Attempt one: We decided jumping on top of the shack in the warehouse is a good plan. We get up on the roof, check entry points and figure that the zombies will have to jump up to get at us, giving us a natural advantage for both aiming and positioning. Things were going fine, until we failed to realize that Director decided that the windows above the shack were fair game. As soon as they poured in from above, we had no chance. Failed.

Attempt two: After much deliberation, we decided that we needed to create a chokepoint. Our previous failure happened because we were swarmed by enemies from all directions. We tried to go inside the shed this time, figuring that with the chokepoint, we could handle the waves. We’d be on equal ground, but at least we would only have to worry about one direction. The shed was cramped, so there wasn’t anywhere to fall back to, but it worth was a shot. We thought. After barging down the doors, the front line of the zombies were met with a rousing volley of shotgun blasts. Hey, this might work! Why…wait, why am I taking damage? ..oh. It appears that the zombies have broken through the wall of the shack right beside us, putting a large damper on our plans. Failed.

Attempt three: Okay, screw the warehouse. Let’s…hey, can we hop on that truck? Can we? I’m sure we can. Can all four of us fit up here? Yeah, we can. Nowhere for the zombies to drop down into? Check. Height advantage? Check. Nowhere for the zombies to surprise us? Check.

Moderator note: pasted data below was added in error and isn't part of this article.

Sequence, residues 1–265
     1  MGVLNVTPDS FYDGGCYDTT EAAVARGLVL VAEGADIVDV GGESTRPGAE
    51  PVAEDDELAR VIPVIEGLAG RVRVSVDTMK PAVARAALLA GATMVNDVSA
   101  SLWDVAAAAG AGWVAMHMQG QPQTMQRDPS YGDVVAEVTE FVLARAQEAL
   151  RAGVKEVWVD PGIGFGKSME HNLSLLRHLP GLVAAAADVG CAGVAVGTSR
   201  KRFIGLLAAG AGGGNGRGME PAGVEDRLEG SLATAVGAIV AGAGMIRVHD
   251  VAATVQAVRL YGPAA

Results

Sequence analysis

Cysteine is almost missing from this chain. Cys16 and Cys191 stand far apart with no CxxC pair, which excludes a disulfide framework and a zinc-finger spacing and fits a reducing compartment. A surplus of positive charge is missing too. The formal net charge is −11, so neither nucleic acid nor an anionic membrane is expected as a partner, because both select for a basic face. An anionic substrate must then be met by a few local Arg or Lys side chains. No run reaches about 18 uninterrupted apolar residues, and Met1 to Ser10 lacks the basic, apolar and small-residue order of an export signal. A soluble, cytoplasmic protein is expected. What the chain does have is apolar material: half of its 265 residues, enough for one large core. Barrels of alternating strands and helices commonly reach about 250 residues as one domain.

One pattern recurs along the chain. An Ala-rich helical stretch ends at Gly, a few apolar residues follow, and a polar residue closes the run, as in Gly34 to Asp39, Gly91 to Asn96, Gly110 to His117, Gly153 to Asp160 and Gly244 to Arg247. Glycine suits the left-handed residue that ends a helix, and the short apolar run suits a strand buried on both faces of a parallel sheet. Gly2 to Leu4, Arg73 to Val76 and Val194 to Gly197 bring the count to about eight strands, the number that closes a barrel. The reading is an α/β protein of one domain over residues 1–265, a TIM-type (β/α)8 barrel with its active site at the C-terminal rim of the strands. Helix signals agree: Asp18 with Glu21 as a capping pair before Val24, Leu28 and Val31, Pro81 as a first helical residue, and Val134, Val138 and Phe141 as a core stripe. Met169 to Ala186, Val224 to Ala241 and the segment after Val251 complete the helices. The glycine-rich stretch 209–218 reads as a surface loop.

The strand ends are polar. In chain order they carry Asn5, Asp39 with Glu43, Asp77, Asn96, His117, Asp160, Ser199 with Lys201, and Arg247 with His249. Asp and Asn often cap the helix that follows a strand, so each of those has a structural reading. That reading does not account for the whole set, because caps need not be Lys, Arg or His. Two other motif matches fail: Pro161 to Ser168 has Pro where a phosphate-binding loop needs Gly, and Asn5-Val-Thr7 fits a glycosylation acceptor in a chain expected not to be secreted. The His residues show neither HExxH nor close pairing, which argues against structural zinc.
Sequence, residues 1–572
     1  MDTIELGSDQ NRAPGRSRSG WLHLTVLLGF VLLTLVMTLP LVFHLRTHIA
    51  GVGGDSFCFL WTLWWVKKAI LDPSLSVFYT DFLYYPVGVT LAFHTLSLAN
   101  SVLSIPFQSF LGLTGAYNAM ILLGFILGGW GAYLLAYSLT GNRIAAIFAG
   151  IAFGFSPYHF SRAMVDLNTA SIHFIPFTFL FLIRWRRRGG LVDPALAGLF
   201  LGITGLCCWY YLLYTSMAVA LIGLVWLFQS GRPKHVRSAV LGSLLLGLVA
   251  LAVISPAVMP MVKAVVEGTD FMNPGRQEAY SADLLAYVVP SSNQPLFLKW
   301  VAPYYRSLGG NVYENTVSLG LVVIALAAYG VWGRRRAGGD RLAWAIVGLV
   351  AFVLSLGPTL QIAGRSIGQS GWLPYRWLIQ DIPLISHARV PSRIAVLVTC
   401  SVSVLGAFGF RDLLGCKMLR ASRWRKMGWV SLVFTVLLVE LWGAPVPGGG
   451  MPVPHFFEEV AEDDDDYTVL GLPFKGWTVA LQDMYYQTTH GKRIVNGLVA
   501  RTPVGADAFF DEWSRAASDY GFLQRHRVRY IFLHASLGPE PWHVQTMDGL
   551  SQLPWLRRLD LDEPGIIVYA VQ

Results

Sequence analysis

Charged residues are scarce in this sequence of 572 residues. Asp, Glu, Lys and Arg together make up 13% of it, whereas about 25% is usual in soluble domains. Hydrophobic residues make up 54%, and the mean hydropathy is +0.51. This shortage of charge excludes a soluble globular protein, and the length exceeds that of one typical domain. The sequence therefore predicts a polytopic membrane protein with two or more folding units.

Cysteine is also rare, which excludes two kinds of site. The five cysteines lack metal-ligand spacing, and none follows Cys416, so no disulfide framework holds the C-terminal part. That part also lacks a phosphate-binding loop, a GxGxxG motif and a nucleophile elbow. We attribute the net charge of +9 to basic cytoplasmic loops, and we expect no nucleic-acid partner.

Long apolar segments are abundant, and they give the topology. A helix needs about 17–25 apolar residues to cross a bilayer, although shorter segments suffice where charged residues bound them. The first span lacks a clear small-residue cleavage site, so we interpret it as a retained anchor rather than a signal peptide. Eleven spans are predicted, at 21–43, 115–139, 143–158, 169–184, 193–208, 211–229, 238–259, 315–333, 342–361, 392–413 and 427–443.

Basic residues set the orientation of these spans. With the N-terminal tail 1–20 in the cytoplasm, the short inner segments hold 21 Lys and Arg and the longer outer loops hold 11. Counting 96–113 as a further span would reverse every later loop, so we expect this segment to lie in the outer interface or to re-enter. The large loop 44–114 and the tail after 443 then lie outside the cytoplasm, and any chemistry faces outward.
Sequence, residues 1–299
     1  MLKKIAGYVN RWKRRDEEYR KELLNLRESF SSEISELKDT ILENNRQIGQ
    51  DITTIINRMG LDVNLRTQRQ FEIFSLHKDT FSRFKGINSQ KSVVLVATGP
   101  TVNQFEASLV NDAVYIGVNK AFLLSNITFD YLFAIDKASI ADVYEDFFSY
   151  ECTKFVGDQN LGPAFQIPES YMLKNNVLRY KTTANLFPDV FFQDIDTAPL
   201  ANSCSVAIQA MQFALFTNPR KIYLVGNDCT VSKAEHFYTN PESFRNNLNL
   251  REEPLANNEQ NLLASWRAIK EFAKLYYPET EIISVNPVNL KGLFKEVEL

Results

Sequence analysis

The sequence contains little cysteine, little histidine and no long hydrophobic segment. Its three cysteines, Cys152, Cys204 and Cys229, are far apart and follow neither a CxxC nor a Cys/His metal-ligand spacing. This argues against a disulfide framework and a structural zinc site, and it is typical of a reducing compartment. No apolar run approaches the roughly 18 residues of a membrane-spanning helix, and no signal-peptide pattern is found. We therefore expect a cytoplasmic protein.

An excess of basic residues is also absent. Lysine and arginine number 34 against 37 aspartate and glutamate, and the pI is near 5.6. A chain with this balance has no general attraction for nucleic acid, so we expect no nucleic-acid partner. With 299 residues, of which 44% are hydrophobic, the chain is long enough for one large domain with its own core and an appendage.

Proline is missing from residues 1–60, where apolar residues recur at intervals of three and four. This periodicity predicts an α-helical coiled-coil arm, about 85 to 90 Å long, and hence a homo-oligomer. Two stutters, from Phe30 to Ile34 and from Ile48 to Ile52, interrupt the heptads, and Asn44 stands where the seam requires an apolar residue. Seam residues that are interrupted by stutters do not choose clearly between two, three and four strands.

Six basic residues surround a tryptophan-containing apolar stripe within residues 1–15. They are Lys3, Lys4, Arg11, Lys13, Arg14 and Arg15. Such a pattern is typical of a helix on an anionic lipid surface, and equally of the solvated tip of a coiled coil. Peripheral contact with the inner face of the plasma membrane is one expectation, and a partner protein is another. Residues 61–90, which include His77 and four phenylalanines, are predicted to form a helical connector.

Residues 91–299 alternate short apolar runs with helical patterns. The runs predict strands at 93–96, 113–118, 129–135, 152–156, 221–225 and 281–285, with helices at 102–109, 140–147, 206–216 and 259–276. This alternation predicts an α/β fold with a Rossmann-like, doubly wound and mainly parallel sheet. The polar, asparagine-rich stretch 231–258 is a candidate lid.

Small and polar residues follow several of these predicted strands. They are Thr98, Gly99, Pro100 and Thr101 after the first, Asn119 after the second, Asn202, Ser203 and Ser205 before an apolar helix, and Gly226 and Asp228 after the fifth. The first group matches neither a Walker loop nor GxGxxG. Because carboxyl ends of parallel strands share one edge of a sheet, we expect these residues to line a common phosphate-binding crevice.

Greg: Hang on a minute guys, I’ve got an idea.

Greg is pretty smart and has a long history of playing video games. I’m certain whatever tactic he’s about to suggest will only increase our odds of survival.

Greg: We’re going to take all these canisters of gasoline and put them on top of the truck with us. That way, we’ll be able to pick them up and throw them into the zombies whenever we want. It’ll be great!


Neil: I’m predicting a better than 50% chance of this ending in total destruction.
Greg: No no, it’ll work!
Dave: I feel like we might hit those with our guns. Especially Henry.
Henry: That’s probably true.

On cue, the roof of the truck explodes and is immediately engulfed in flames. I started laughing so hard I was in tears. Greg’s wails of failure made us laugh even harder. All I could see were zombies grabbing at our feet and three of my friends’ avatars jumping up and down, trying to avoid the flames.

Yet somehow we ended up winning the fight and completing the level in grand fashion. It took much longer than it needed it to, but I wouldn’t have had it any other way.

I would encourage you to go big. Try that impossible level. You’ll end up creating something. If you have a terrible time, at the very least it’ll be a great story one day. The quote “dare to fail” comes to mind, but I prefer Mike Tyson’s take:

“Everybody has a plan until they get punched in the face.”